A deadlock occurs when two system server process IDs (SPIDs) are waiting for a resource and neither process can advance because the other process is preventing it from getting the resource. For example, P1 holds a lock on table A and requests a lock on table B; P2 holds a lock on table B and requests a lock on table A.
The lock manager(Lock Monitor)/ thread checks for deadlocks. When a lock manager/ deadlock detection algorithm detects a deadlock, the lock manager chooses one of the SPIDs as a victim. The lock manager initiates a 1205 error message that is sent to the client, and the lock manager kills the SPID.

When SQL Server find a deadlock, it kill one process (deadlock victim) rolls back the transaction of the deadlock victim, and returns a 1205 error to the application. Database engine choose deadlock victim according to the least cost to rollback.

what can cause deadlocks?
• Locks
• Worker threads
• Memory
• Parallel query execution-related resources
• Multiple Active Result Sets (MARS) resources.


They can generally be resolved by changing application or stored procedure code to access tables in the same logic order, or by changing the actual database schema or indexing structures. The first step in Deadlock elimination is to identify what two statements are actually causing the deadlocks to occur.

Trace Flags can be used to output the details of deadlocks as well, and generally provide you the maximum amount of information to help facilitate identifying the root of the problem. In SQL 2000, flags 1204 (basic) and 1205 (detailed) provide information regarding deadlocks.

An Example statement to enable tracing to the ErrorLog for all connections:
DBCC TRACEON (1204, 3605, -1)
DBCC TRACEON (1205, 3605, -1)
DBCC TRACEON (1222, 3605, -1)



SQL Profiler

The SQL Profiler can also be used to help in identifying deadlocking. In order to identify the deadlocking statements in SQL Profiler, you need to be tracing the following events.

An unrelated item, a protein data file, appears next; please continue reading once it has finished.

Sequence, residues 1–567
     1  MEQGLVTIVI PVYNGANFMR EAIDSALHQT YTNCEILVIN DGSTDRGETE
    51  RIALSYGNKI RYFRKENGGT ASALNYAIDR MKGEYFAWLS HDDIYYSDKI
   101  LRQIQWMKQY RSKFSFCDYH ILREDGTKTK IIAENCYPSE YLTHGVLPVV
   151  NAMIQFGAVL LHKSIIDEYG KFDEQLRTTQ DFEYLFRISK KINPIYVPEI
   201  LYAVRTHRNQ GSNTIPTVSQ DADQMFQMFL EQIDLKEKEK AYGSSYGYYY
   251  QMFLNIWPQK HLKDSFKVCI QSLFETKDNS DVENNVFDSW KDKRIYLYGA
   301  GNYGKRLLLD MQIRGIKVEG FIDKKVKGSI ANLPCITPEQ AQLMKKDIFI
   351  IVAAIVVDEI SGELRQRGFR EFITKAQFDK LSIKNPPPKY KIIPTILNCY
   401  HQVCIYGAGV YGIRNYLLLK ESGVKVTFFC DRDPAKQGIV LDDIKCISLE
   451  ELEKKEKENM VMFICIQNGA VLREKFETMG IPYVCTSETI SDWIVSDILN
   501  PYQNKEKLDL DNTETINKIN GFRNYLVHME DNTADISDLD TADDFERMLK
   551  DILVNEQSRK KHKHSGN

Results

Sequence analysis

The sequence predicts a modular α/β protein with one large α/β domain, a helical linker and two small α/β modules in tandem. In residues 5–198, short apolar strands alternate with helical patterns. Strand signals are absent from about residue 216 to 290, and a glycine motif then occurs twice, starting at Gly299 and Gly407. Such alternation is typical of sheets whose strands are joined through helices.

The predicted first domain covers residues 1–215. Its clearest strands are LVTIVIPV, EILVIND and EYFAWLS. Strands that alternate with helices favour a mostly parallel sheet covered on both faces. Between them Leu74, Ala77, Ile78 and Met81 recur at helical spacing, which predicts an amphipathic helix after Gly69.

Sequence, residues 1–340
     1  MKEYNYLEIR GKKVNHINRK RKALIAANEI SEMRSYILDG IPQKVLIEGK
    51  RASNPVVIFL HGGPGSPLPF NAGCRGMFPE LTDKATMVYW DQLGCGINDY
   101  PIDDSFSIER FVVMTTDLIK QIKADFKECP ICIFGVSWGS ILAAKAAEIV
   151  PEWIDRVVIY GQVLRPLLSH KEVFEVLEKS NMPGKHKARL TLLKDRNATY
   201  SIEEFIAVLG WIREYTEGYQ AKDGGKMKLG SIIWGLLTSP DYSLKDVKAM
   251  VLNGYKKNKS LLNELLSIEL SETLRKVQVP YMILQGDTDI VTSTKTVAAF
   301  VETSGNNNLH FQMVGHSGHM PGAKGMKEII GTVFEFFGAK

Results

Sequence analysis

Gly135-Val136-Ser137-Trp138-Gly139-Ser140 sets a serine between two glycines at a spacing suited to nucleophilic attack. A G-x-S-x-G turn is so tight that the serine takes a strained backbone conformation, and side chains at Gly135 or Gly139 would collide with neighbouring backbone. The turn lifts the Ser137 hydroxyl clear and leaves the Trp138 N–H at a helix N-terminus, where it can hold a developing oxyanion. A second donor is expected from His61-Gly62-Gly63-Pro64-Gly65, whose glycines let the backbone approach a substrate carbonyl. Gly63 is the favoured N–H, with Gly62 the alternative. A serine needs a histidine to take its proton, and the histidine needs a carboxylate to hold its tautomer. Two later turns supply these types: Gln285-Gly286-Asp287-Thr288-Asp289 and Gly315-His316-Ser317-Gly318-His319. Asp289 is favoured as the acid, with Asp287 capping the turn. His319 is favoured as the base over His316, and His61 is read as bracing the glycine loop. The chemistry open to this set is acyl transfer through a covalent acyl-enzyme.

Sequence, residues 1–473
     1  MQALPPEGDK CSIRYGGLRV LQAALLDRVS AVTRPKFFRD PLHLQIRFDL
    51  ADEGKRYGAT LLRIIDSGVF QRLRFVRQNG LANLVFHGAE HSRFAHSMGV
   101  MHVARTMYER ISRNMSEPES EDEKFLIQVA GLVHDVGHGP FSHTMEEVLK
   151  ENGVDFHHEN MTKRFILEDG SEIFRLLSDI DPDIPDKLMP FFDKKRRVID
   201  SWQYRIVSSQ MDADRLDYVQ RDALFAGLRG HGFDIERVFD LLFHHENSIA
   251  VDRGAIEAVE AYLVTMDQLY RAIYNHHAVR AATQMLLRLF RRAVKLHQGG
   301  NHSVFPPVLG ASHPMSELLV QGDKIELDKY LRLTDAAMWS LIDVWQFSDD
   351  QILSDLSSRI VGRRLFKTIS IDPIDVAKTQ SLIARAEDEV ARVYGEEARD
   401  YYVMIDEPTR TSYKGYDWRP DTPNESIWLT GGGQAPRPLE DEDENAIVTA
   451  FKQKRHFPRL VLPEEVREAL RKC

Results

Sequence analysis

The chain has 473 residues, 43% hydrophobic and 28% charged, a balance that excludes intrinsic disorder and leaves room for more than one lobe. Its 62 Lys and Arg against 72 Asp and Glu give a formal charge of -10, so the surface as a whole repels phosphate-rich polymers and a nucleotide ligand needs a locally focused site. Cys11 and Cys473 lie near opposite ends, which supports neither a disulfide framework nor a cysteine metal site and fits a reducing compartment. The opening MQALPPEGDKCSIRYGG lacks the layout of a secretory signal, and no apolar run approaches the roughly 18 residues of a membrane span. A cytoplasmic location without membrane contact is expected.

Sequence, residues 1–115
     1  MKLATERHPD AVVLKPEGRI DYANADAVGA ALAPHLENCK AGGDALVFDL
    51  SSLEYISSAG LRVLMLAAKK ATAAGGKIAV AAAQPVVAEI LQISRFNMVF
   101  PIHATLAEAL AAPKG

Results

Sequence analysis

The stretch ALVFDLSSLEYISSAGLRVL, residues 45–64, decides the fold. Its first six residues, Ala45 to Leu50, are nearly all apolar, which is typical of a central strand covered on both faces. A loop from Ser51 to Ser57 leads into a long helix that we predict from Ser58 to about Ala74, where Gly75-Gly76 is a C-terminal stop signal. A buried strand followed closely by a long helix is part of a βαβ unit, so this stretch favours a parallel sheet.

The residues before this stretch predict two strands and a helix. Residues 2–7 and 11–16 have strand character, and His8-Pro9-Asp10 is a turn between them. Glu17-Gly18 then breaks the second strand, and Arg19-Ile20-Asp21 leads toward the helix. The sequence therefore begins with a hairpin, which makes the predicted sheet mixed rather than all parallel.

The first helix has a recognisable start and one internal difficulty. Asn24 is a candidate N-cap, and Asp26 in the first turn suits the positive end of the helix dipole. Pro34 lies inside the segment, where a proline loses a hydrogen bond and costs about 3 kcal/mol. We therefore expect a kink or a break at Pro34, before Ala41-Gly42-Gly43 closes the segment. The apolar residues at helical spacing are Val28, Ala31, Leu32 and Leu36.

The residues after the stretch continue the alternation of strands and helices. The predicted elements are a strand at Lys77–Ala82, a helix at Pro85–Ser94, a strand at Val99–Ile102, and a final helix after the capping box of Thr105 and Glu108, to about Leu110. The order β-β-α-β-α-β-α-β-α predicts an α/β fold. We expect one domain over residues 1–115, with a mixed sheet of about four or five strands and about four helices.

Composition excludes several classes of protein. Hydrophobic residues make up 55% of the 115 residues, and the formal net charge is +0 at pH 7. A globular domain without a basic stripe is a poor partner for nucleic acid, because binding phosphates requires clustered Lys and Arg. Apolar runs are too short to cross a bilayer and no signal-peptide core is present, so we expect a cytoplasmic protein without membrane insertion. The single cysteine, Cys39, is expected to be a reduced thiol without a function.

Locks - Lock:Deadlock
Locks - Lock:Deadlock Chain
Stored Procedure - SP:StmtStarting
TSQL - SQL:StmtStarting


How to create profiler trace to find deadlock?
1.Start SQL profiler
2.On the Trace Properties dialog box, on the General tab, check Save to file and specify a path to save the trace
3.Click “Show all events”
4.Click the Events tab, above specified events
(i) Add the Deadlock graph event to the trace from the Locks category. You will get an additional tab appears on the Trace Properties window, called Event Extraction Settings.
(ii) Click the Save Deadlock XML Events Separately check box. This causes the deadlock information to be written to a separate file.

When a deadlock is encountered, the Deadlock chain event will output the SPID's associated with the deadlock. From there, you can look at the StmtStarting event for the SPID's immediately following the Deadlock Event to isolate the problem statements.

This trace will record all deadlocks on this SQL Server instance, along with the ID of the source table of contention.
To translate the database id and object id into names, you can do

SELECT database_name(DatabaseID)
SELECT object_name(ObjectID)



You can also run following query to check which process is being blocked.

SELECT * FROM sys.sysprocesses WHERE blocked <> 0
Get the SPID from blocked column
DBCC inputbuffer (SPID)
sp_who2 'active'
sp_lock2